Naturally, since the goal of the station was to deliver the message of peace, it offered an ample daily dose of peace and anti-war rhetoric and music. One example that comes easily to mind: Give Peace A Chance:
There was, though, another song that was played on The Voice of Peace that made a great impression on me. It was a harsh criticism against “war-happy” governments, not mincing words. For a country like Israel that brought its children up on the ethos of heroism in war, the military as our defender and savior and our great leaders, who know how to protect us from the bad guys etc., hearing a song that decreed the leaders as cowards and criminals, sounded almost as blasphemy. Listening to the song felt almost like doing something illegal and associating with some sort of a criminal underground. But at the same time it already sowed the first seeds of doubt in my mind. Maybe our leaders are not so virtuous? Maybe there is another way?
I knew nothing about the song – not the name, not the poet, not the artist. It was a female artist and I was just fascinated by her deep, powerful alto, which made the message all that more ominous. When the Voice of Peace ceased operations in 1993, the song was gone for me. Not knowing anything about it, I had no way of finding it. But I never forgot it and always wondered about it and hoped someday to rediscover it. It took many years but I did, only a few years ago. To my surprise, it turned out to be a song by Bob Dylan: Masters of War.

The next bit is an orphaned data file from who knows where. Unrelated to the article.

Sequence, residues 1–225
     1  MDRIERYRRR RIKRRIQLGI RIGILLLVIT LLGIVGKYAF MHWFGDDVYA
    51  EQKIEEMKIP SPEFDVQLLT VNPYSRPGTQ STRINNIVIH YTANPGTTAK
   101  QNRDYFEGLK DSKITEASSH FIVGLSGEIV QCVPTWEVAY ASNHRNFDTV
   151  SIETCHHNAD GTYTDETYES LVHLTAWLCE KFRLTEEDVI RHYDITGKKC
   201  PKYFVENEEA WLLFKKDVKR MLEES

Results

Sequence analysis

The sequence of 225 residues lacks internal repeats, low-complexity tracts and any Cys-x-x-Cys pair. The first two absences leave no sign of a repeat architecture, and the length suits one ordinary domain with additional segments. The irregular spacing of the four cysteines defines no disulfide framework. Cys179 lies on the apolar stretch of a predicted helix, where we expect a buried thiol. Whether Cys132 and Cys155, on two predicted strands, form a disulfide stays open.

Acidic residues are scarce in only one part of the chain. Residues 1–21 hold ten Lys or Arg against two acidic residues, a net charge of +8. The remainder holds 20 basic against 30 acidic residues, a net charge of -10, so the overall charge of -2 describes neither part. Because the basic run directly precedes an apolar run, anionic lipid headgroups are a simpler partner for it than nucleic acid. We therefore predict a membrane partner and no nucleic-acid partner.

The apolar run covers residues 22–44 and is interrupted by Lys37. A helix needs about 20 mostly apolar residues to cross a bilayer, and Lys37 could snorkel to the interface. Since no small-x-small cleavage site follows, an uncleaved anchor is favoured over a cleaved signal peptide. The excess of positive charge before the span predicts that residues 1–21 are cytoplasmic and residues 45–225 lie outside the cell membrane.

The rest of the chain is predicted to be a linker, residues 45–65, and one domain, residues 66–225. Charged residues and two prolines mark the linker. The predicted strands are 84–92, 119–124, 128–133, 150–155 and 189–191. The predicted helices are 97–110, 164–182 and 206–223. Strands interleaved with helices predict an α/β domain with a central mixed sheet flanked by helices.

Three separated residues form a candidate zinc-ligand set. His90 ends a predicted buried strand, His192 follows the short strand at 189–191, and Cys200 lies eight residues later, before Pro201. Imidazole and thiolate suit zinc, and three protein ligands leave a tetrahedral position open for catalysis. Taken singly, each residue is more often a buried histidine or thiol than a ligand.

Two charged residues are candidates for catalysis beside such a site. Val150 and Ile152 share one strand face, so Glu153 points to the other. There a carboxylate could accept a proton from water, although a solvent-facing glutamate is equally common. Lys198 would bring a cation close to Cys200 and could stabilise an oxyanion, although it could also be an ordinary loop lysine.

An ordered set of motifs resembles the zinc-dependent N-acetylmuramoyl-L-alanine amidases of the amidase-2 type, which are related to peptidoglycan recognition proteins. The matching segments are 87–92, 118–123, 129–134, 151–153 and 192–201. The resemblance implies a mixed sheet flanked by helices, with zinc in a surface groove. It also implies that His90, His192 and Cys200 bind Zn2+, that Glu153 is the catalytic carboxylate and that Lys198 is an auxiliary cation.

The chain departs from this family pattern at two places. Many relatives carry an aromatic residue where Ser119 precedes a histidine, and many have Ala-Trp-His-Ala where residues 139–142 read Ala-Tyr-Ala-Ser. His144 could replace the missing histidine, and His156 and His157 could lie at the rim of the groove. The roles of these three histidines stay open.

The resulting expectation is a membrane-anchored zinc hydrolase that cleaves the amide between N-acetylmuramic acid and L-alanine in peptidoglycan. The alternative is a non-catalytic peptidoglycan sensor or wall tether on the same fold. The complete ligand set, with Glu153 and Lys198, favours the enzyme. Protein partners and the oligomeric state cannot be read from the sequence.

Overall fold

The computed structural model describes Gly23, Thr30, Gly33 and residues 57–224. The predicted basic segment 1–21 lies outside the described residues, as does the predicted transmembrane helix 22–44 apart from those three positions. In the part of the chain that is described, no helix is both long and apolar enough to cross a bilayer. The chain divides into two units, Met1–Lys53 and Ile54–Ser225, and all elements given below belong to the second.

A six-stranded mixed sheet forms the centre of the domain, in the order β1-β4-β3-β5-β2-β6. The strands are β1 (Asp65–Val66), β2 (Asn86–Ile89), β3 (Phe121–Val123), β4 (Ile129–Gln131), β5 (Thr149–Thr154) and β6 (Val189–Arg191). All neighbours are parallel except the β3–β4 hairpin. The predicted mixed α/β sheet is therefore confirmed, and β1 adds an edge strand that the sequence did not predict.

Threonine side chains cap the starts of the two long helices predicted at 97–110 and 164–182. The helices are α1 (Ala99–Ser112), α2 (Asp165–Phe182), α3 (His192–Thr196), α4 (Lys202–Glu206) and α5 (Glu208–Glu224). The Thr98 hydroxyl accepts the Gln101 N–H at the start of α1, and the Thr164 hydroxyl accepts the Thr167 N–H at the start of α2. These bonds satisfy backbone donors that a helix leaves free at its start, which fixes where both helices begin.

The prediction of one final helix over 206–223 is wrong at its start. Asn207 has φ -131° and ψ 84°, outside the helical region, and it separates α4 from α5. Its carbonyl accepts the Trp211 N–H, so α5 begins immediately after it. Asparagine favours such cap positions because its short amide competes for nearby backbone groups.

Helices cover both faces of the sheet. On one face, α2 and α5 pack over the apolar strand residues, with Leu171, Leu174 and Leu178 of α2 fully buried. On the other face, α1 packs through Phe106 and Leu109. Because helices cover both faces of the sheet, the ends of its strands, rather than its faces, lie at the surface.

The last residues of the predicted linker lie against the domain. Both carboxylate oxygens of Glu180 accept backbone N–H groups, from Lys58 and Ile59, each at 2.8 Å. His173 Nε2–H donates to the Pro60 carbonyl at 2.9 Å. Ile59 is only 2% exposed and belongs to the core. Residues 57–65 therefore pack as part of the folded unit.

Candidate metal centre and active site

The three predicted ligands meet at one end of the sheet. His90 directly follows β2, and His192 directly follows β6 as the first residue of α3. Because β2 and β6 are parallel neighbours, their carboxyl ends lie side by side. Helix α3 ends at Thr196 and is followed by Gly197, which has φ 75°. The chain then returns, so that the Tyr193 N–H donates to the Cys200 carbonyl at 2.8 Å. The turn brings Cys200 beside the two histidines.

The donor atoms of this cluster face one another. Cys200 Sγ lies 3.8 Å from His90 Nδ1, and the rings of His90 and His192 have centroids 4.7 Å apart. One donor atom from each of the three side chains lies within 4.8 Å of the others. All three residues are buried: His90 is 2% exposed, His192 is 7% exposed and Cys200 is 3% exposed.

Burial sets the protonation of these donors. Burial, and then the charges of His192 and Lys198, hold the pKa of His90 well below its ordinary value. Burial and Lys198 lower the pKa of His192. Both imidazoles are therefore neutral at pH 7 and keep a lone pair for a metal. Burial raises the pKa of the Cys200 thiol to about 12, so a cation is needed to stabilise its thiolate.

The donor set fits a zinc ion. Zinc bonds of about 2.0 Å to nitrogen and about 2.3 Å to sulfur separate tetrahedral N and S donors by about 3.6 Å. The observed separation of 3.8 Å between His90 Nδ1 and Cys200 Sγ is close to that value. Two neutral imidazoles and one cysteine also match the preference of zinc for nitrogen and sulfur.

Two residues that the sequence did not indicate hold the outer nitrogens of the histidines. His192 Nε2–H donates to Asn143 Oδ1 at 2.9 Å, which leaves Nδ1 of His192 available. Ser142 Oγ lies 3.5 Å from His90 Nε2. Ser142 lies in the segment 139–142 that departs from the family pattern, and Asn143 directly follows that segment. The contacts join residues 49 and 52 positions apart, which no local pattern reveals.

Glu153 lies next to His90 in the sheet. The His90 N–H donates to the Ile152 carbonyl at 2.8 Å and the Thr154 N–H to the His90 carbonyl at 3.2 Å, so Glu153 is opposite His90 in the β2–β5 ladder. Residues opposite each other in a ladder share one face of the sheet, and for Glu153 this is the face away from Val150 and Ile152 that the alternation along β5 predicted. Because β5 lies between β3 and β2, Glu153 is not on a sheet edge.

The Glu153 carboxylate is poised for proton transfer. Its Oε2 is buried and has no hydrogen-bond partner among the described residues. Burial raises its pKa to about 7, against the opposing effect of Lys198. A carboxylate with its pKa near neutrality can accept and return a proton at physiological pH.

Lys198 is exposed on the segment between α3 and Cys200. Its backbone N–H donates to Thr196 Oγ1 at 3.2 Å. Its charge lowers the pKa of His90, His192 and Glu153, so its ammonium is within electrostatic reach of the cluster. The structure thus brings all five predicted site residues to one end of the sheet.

Somehow that version by that mysterious lady was so good, it never occurred to me it wasn’t originally hers. Well, once I identified the song, it didn’t take long to find her cover. It was Odetta:
So here you are. I leave it to you to decide which version you like better.
On a side note: I just found out that several Voice of Peace veterans resurrected the station in a more modern setting – as an Internet streaming radio station by the same name. The Voice of Peace lives.